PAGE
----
It isn’t all that often that one runs across real, unmitigated visual pleasure in the rarified realm of conceptual art. Most of the time aesthetics are axed in favor of upping the intellectual clarity of the artwork. What a pleasure it is, then, to walk into the curiously-titled “Milking the Flat Cow,” James Hoff’s current solo show at Callicoon Fine Arts on Manhattan’s Lower East Side, and find oneself in the presence of work that’s equally stimulating to the mind and the eye.
At first glance, Hoff’s modestly-sized, untitled abstractions, flat white grounds populated with disjointed loops and dashes, have the kind of calligraphic attitude that marks the work of 20th-century titans like Cy Twombly. In fact, Hoff’s paintings are painstaking enlargements of scratch pads set out in stationery stores upon which customers test the flow of multicolored pens. In their simplicity, they effectively cast a bit of prosaic minutiae—just another tiny bit of everyday life easily subsumed by the roaring noise of the world—into a new light, one full of whimsical beauty.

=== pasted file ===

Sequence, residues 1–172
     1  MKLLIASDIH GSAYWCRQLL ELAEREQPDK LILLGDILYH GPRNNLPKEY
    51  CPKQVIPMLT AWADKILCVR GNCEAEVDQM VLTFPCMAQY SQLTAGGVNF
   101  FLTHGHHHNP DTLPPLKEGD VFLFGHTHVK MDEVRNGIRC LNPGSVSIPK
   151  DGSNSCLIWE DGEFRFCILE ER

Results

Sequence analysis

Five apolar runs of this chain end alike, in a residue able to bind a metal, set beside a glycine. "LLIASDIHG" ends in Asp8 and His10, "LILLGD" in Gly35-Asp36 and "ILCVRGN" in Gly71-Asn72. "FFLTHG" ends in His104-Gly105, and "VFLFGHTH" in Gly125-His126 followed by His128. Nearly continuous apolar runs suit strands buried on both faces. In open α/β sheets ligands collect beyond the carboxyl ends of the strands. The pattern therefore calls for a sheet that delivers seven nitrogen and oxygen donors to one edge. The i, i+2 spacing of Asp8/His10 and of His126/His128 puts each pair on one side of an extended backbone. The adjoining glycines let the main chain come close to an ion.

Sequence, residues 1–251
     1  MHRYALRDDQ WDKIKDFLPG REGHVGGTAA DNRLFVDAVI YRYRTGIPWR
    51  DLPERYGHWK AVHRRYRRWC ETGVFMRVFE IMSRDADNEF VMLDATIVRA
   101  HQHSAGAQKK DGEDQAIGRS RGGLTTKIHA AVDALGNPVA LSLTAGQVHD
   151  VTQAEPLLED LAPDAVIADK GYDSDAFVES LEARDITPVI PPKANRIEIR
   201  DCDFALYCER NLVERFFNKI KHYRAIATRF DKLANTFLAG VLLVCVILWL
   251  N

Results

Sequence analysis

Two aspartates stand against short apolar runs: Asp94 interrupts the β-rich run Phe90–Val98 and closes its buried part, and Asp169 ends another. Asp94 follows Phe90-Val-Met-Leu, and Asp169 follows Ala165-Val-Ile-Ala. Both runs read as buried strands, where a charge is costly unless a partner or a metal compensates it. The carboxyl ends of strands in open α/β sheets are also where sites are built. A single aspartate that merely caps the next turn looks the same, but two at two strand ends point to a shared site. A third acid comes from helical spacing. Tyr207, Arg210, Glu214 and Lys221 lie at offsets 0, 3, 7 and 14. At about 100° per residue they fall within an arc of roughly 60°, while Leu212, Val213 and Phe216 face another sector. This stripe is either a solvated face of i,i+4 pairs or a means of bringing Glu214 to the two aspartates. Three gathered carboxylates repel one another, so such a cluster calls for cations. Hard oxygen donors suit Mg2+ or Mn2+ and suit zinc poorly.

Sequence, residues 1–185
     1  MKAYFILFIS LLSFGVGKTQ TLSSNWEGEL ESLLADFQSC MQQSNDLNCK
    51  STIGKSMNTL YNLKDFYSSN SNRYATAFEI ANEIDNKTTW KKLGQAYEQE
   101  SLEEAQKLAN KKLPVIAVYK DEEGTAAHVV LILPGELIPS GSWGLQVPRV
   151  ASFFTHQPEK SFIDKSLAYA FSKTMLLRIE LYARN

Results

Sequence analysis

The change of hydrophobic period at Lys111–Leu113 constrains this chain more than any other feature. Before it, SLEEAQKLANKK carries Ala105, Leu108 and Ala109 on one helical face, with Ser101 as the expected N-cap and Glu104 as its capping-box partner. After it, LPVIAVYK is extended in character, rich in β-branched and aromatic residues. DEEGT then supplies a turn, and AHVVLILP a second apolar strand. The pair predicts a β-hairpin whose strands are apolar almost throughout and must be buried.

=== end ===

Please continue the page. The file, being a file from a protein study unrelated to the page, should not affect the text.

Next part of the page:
Hoff’s paintings are displayed alongside several other works that rub up against the tradition of the ready-made, while still showing off enough modifications to grant them their own quixotic identities. A series of brightly-colored umbrellas are finished with ornate handles that display a negative silhouette of the 20th-century renegade businessman Russell Arundel. A series of caterer’s tables appear with legs folded, their undersides painted in the bright hues used by the trade to index and categorize. A book published in an edition of a hundred depicts household objects roughly repurposed according to their morphology and functionality (a microwave used as a mailbox, for instance). Finally, a complex sculpture full of numbered ping-pong balls appears to be a Lotto machine, but turns out to be a clock.
Hoff’s keen eye for the myriad ordering systems that help us run our lives (and their inherent flaws) lends “Milking the Flat Cow” great depth, and makes for a charming and memorable close to the gallery-going year.
James Hoff’s “Milking the Flat Cow” runs through January 6 at Callicoon Fine Arts, 124 Forsyth Street, New York. Images courtesy of the artist and Callicoon Fine Arts.